c) generating a transaction code utilizing a processing computer of a custodial authorizing entity, said transaction code associated with said account and reflecting at least the limits of said payment category, to make a purchase within said payment category;

d) communicating said transaction code to said account holder;

e) receiving a request to authorize payment for a purchase using said transaction code;

f) authorizing payment for said purchase if said purchase is within said payment category.

After construing the single-merchant limitation, which is step (b) in representative claim 21, the Board found that Cohen meets the single-merchant limitation through an embodiment that limits credit-card transactions to a particular chain of stores. The Board also found that Cohen discloses the step of defining and designating the “payment category” before the transaction code is generated.

A

The single-merchant limitation clearly requires a separation in time between the communication of one piece of information and the communication of another. The authorizing entity, in being asked for a transaction code, is told that the number of merchants to be covered by that code is one (no more, no less): a “payment category that at least limits transactions to a single merchant” is communicated to the authorizing entity. Critically, though, the “single merchant” must not be identified to the authorizing entity at that time: “said single merchant limitation being included in said payment category prior to any particular merchant being identified as said single merchant.” Only later is the “particular merchant” identified, and the “particular merchant” is identified “as said single merchant.” Identification of a particular merchant may take place, for example, at the subsequent step (f), when the transaction with that merchant is authorized; but it does not take place at the earlier step, when the transaction code for a defined payment category is requested. At that earlier step, the account holder sets the number of authorized merchants at one without identifying the one.

The specification refers to this process as one among several embodiments. “The payment category may also include a multi-transaction authorization wherein more than one purchase may be made from one or a plurality of different merchants, each of which may or may not be identified by the customer and pre-coded in association with the transaction code.”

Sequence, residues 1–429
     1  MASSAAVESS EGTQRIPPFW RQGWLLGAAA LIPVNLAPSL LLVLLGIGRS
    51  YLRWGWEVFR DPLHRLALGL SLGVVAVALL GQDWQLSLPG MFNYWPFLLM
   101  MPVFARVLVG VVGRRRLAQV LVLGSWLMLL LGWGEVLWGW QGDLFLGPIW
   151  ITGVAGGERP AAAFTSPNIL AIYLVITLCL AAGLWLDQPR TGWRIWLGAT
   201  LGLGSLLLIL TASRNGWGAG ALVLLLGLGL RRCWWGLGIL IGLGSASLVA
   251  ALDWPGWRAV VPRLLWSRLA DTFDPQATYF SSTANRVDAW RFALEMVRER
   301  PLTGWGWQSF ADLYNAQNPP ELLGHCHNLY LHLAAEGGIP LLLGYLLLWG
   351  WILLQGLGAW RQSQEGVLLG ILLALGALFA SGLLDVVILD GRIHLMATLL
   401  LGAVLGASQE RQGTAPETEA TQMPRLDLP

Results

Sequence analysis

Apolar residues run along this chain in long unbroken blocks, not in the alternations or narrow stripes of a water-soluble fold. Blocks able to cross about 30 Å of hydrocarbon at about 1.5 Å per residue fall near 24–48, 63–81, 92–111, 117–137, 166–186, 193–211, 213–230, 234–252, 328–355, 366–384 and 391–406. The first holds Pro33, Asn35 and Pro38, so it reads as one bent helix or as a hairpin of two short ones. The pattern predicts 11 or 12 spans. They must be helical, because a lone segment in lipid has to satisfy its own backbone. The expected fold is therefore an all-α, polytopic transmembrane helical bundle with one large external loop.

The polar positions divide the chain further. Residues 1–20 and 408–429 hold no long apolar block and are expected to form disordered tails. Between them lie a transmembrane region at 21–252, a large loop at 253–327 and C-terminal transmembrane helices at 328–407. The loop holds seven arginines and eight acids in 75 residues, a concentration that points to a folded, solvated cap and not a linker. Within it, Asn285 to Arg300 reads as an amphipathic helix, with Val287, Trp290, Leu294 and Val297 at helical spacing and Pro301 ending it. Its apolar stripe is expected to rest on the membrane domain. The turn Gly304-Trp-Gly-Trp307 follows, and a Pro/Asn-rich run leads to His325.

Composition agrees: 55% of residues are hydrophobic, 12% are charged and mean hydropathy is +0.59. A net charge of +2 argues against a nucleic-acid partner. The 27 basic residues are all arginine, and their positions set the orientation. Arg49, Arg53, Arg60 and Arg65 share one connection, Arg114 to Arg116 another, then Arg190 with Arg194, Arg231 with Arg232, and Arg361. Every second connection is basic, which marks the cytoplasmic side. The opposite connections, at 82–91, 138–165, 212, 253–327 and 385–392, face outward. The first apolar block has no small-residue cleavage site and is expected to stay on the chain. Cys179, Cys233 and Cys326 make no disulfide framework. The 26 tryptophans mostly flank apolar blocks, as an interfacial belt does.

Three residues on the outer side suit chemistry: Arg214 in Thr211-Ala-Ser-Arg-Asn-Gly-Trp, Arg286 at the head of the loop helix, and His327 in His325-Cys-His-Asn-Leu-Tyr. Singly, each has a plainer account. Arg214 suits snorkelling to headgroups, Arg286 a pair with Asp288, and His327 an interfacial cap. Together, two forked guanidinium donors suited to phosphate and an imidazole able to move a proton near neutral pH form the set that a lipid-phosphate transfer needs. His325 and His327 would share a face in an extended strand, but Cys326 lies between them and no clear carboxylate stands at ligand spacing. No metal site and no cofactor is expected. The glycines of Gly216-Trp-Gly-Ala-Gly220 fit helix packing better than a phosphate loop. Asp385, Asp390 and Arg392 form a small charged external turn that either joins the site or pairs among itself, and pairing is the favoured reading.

The prosecution history reinforces the evident meaning of the single-merchant limitation as requiring limiting, to one, the number of merchants that may use the transaction code, without identifying the merchant. In responding to a non-final rejection, Mr. D’Agostino distinguished the Langhans prior art as involving a list of identified approved merchants, stating: “There is no disclosure in Langhans et al. that limits a transaction to a single merchant prior to any particular merchant being identified as the single merchant.” And in a reexamination of the ’988 patent, Mr. D’Agostino said the following in distinguishing Cohen:

Limiting to a particular store or chain of stores is not the same as limiting to a single merchant. A particular store or chain of stores limitation is an identity limitation whereas a single merchant limitation is a numerical limitation. That is, the only way a particular store or chain of stores limitation can be made is by identifying that store or chain of stores from other stores or chain of stores. Conversely, a single merchant limitation is not related to the particular identity of any store or chain of stores, rather it is a numerical limitation that limits use to only one merchant. Stated differently, a particular store or chain of stores limitation is limited to only the identified store or chain of stores, whereas a single merchant limitation is not limited by way of identity.

In the present appeal, this material is relevant as reinforcing the evident meaning of the claim language at issue, whether or not it would meet standards for disclaimer or disavowal.